``I smile every time I look at the picture in my office,'' said Dolores Bliss, a Pennsylvania school principal. She and her husband John gave their two grown children and her mother a Disney Cruise for Christmas. ``It's the memory of the time together that we can hold on to afterward,'' she explained.
But sometimes grandparents find it takes coaxing to persuade everyone to go at all. ``You're taking all of the baggage from the relationships with you,'' explained Florida psychologist and author Nancy Schlossberg, an expert on multi-generational relationships and University of Maryland professor emeritus. Too often, she sighed, the grandparents' expectations exceed reality.
Rule 3: Don't expect this to be a trip of a lifetime, especially if the grandkids are along.
``Think of it as a celebration, not a vacation,'' advised Helena Koenig. ``Everyone is going to to have to sacrifice something.''
Some may think the cruise ship is too glitzy or the hotel not upscale enough. Parents may go to a resort when they'd rather be camping. Grandparents might have to eat at 7 instead of 5. Kids are going to whine and complain just like they do at home.
Rule 4: When the going gets rough, get away from each other for a few hours.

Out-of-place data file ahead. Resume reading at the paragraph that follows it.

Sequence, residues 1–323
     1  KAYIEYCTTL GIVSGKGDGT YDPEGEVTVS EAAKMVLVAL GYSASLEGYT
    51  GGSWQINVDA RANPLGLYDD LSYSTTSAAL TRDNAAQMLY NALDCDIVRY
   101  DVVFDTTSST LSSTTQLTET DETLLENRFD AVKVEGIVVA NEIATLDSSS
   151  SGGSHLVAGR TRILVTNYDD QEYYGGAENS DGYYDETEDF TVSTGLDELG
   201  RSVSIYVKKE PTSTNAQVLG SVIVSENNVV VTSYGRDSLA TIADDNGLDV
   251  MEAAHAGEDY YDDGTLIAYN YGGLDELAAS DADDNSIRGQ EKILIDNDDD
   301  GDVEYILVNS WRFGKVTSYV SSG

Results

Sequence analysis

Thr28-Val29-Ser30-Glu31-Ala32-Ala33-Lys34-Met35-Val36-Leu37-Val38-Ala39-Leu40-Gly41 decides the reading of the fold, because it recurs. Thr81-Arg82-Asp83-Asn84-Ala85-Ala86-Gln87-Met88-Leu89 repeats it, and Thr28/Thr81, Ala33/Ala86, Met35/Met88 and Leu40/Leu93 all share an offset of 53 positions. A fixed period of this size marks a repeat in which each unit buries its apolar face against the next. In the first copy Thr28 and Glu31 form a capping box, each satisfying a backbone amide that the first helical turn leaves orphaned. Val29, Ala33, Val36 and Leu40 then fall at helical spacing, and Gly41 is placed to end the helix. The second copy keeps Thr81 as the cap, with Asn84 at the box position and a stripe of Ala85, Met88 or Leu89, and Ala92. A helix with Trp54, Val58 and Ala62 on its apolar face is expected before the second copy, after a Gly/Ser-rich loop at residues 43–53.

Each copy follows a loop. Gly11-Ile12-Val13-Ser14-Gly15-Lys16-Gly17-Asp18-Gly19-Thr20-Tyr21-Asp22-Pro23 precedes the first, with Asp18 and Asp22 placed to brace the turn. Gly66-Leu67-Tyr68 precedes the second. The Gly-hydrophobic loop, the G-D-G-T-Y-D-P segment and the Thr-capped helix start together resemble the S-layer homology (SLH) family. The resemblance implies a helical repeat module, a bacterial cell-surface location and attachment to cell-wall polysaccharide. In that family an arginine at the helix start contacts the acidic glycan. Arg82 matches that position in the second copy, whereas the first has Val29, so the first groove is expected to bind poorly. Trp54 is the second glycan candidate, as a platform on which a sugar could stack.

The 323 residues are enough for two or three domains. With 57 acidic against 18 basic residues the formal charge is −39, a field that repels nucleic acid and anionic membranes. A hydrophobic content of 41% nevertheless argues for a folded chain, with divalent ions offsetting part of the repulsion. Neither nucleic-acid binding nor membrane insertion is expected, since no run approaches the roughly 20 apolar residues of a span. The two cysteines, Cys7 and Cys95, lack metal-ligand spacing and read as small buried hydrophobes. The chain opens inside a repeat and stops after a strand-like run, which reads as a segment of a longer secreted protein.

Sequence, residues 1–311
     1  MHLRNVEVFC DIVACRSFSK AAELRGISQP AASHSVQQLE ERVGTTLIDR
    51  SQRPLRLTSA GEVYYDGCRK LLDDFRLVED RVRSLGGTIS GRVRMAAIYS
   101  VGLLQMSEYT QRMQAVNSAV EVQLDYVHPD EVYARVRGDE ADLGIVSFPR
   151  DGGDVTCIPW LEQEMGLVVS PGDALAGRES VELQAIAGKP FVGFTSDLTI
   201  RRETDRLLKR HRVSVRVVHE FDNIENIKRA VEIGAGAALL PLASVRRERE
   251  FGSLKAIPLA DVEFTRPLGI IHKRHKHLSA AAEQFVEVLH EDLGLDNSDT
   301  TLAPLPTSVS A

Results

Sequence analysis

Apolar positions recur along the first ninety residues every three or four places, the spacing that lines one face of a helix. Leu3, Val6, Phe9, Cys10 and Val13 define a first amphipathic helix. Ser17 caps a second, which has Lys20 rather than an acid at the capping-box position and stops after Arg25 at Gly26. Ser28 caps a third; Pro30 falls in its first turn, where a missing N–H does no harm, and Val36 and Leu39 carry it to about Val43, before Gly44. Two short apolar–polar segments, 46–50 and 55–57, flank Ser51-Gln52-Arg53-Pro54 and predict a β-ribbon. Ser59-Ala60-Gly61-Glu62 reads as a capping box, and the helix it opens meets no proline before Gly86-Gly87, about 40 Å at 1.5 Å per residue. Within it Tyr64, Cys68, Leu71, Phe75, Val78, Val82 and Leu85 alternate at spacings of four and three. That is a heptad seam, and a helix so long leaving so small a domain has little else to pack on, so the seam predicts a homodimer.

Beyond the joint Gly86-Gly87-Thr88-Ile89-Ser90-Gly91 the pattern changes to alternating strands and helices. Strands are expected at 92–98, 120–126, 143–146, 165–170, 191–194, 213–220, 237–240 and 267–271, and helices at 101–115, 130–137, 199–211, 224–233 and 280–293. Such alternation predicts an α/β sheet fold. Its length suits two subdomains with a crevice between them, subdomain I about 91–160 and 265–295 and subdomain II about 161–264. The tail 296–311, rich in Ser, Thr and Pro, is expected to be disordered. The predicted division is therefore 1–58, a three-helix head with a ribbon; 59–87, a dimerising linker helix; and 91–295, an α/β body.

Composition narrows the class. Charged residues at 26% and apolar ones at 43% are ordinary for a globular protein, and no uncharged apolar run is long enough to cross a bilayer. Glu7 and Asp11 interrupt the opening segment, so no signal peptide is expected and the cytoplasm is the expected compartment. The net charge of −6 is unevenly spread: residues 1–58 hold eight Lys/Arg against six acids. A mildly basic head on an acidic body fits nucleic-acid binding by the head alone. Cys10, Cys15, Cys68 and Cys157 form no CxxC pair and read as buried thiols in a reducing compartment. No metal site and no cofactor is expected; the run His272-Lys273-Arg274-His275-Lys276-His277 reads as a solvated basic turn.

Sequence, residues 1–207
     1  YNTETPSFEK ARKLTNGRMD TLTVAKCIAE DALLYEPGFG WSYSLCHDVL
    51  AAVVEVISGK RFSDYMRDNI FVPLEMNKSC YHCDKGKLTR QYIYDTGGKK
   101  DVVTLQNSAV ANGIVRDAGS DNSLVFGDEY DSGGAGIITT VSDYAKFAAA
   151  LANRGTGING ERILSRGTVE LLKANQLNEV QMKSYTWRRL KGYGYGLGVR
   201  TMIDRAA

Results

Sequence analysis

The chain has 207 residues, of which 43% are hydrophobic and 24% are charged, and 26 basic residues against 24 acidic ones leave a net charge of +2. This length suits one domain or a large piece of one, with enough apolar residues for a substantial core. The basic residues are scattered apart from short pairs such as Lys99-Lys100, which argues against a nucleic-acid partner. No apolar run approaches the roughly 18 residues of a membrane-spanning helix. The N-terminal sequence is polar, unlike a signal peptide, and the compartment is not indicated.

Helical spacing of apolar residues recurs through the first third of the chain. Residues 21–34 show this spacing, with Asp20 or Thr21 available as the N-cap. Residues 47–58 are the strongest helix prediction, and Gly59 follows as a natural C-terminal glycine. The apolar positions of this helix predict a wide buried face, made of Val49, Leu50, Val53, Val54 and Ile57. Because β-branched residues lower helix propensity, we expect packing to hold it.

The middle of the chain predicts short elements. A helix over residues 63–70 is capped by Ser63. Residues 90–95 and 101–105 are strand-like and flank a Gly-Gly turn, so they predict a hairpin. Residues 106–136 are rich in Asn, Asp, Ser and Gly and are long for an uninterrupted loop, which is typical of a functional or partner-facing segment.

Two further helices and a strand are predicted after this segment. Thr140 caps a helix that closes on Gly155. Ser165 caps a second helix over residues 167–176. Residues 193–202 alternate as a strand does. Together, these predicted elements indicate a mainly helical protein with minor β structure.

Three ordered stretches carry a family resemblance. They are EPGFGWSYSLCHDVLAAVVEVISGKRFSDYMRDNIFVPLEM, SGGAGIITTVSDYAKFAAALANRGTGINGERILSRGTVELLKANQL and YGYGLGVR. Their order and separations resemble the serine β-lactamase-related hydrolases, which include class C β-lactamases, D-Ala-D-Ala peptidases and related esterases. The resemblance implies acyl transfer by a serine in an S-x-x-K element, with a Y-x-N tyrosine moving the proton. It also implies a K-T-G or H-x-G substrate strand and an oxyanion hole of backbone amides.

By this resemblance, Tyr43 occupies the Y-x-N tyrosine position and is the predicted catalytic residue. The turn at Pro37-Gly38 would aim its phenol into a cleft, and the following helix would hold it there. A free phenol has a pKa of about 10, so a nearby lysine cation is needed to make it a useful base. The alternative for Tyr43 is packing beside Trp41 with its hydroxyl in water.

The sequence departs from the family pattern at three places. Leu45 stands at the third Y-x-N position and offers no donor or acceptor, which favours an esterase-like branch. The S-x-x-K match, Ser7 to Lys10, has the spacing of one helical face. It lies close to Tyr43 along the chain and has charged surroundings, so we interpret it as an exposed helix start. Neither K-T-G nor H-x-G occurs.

Judy Sitzman, for example, has arranged for each of her three children's families to have their own car on Maui. Even the Campbells, who relished their time together, scattered during the day so each could do what he or she liked -- horseback riding, lazing in the sun or touring.
They took a lot of pictures, too, presenting their mom with five photo albums. Mary Jo Campbell wants to keep those pictures coming. She's already thinking about an 80th birthday trip.
IF YOU WANT TO TAKE THE WHOLE GANG:
Ask about group rates and special discounts for large families. You'll get the best deals if you can travel off season or in shoulder season.
-- Call Windstar Cruises at 800-258-SAIL or www.windstarcruises.com and ask about early booking and airline discounts.
-- Call Club Med at 800-CLUB MED or www.clubmed.com. Ask about summer deals that allow you $150 off per room.
-- Call Cruise Line Inc., one of the largest cruise discounters in the country, at 800-777-0707 or www.cruiseline.com. Ask how many adults you need in order to qualify for a free berth. For every 15 full-fare passengers on Carnival, for example, families get one free berth.
-- Summer at ski resorts is a great bargain for large families with plenty to do for everyone -- even kids' camps. In Colorado's Vail Valley, for example, two-bedroom condos are available for under $100 a night. Call 800-525-3875 or www.visitvailvalley.com.
-- History-loving families can opt for Williamsburg's economical Revolutionary Fun Packages that average a little more than $800 for a family of four and include five-day admission to Colonial Williamsburg, Busch Gardens and other area attractions. Call 800-211-7169 or www.revolutionaryfun.com.
-- Holiday Inn Family Suites in Orlando has special grandtravel packages that include two-bedroom themed Kidsuites and food discounts for grandparents. Kids eat all meals free. Rates start at $139, $89 after mid-August. Call 877-387-5437 or www.hifamilysuites.com.
(c) 2000, Eileen Ogintz. Distributed by Los Angeles Times Syndicate